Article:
Thursday, September 12, 2013

Easton Grants $1M to GEDP to Purchase Weller Building

By Christina Georgiou

Easton City Council voted to grant $1 million to the Greater Easton
Development Partnership to purchase the former Weller Center building.
The space will house a new indoor food market, the Easton Public Market,
similar in style to the Reading Terminal Market in Philadelphia, along with
GEDP, Easton Main Street, Easton Ambassadors, and Easton Farmers'
Market offices.

 Easton City council voted 5-2 Wednesday evening in favor of granting $1 million to the Greater Easton Development Partnership (GEDP) to purchase the Weller Center building, which will house a year-round indoor version of the Easton Farmers' Market, along with offices for GEDP and programs under its supervision, including the Easton Main Street Initiative and the Easton Ambassadors.

Council members Elinor Warner and Roger Ruggles cast the dissenting votes.

Both said they support the creation of the market, but that they were uncomfortable with using public money to finance the purchase of the building by a private entity to house it.

Ruggles said the $1 million, which will be part of $16.5 bond the city will be taking out to finance the construction of the new city hall and transportation center, will cost the city $60,000 per year until the loan is repaid.

"We're really talking about $60,000 per year that we'd be picking up for you," he said. "I understand the preliminary (2014) budget shows a $1 million deficit, and we'd be picking up $60,000 more."

He added, "There's no big incentive to perform well and get (GEDP) off the taxpayer roll (for annual funding needs)."

Mayor Sal Panto, who favored the grant to GEDP, saying the ultimate revenue the new market will bring into the city and having a quality food store in the Downtown to serve residents is worth the investment, noted that the city won't begin paying back the money until the beginning of 2015.

"If the city is on the hook for $60,000, you may see GEDP's contribution from the city drop by that amount," he added.

GEDP currently receives $375,000 in city funding annually.

Warner questioned the need for the city to finance the entire purchase price of the building.

"So, there's no other option?" Warner asked GEDP Executive Director Gretchen Longenbach, who also works as a city employee, heading the Easton Redevelopment Authority. "If we don't give you a million dollars, this doesn't happen? We haven't been presented with any other options. If we give you $250,000, would (the new indoor market) happen?"

"This is the one of three options that seemed the most advantageous," Longenbach said. "The alternative is if it's not supported this evening, we'd have to go back to (the bank) and discuss other options...There's only so many paths we can go down."

"I'd love to have such a market but I don't think we can afford such a market," she said. "I just don't think this should be paid for by the public. It's a private enterprise."

Other council members were less skeptical of the plan, though they admitted there are risks.

"I'm willing to take a chance because it is advantageous to our city," Councilman Jeff Warren said.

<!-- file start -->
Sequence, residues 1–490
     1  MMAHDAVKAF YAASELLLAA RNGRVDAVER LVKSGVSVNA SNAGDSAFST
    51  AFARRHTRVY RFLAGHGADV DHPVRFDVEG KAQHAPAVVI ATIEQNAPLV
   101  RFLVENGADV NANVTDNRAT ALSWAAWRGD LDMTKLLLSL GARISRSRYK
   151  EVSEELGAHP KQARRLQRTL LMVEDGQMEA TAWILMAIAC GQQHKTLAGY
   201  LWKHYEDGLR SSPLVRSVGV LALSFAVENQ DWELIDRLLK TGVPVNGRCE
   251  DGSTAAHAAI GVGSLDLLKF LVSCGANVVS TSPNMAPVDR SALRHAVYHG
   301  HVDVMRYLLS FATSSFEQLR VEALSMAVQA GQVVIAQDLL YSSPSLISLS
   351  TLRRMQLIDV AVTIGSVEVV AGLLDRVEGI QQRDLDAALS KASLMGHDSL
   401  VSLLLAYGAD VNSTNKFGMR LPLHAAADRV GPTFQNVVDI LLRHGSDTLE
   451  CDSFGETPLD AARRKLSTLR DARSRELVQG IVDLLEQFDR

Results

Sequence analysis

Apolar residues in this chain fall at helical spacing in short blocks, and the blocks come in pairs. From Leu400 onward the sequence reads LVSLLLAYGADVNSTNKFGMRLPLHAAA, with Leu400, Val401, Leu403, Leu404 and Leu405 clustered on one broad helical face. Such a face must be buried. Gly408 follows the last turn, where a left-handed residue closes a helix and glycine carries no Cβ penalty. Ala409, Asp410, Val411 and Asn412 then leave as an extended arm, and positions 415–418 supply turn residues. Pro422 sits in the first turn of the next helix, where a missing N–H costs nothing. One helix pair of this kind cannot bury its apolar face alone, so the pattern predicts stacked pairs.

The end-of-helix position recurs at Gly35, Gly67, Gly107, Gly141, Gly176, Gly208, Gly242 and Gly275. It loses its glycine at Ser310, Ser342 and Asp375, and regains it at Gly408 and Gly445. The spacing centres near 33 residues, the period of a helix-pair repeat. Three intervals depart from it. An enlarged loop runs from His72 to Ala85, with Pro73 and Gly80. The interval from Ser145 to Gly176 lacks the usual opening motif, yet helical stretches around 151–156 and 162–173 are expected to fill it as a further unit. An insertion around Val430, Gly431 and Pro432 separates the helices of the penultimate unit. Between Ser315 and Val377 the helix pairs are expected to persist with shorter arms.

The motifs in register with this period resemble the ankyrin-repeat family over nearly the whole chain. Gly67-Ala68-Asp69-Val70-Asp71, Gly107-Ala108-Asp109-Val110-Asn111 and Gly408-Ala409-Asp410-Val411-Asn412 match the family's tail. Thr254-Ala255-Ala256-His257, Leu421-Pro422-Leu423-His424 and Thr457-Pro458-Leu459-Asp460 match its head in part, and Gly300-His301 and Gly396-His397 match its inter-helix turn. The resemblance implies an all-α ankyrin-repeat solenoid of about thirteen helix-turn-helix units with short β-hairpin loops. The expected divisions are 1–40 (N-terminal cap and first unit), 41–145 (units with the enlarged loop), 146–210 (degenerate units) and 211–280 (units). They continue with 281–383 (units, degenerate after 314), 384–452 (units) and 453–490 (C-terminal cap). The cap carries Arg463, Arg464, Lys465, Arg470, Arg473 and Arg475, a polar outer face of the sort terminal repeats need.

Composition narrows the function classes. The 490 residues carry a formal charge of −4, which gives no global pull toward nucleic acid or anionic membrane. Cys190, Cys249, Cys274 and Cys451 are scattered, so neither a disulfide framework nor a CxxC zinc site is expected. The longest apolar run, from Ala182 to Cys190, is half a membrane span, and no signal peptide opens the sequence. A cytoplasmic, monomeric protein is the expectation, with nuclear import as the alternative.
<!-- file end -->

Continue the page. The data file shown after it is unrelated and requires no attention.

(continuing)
Vice-mayor Ken Brown agreed.

"Although there are risk, I go believe it will be supported by our community," he said.

Longenbach said that while GEDP is a non-profit corporation, the commercial nature of the market means 47 percent of the building will be subject to paying property and other local taxes, ultimately providing a return on the city's investment, though no estimate of what amount of annual revenue the building might bring the city was immediately available.

Noting the advantages of the market for the city, including filling a years-vacant building close to the Centre Square, project manager Jared Mast said plans for the indoor market are moving ahead smoothly and he envisions the Easton Public Market to be similar in style to the Reading Terminal Market in Phildelphia.

Two potential anchor vendors, both of who attended Wednesday evening's meeting, include current EFM vendor Nathan Thomas of Breakaway Farms, which intends to run an "old-fashioned butcher shop" in the new market, and a fish market run by Vintage restaurant owner Mike Pichetto.

Thomas, who raises grass-fed beef and other high quality meats, said that he realizes "not everyone can afford $10 a pound ground beef," and he intends to offer some more affordable options at the indoor market.

Easton Farmers Market Manager Megan McBride talks about
the success of the current market and her hopes for the new
indoor market before Easton City Council Wednesday
evening, accompanied by GEDP Executive Director Gretchen
Longenbach and Easton Public Market project manager
Jared Mast.

Mast said too he hopes to ensure the new food market will serve all Easton residents, not just the more well-off, by possibly offering SNAP incentives, "which will make SNAP dollars go further" for those who shop there. The Easton Farmers' Market currently accepts SNAP, but the prices of many of vendors' offerings mean it's still not usually practical for most low-income Easton residents to purchase their food there.

The $1 million grant will cover the entire $900,000 purchase price of the building and the first $100,000 of construction costs to renovate it, city officials have previously said.

EFM manager Megan McBride has said the winter indoor market will be housed in the space beginning in November, and the Easton Public Market is likely to open in early 2014.

Updated at 6:18 a.m.

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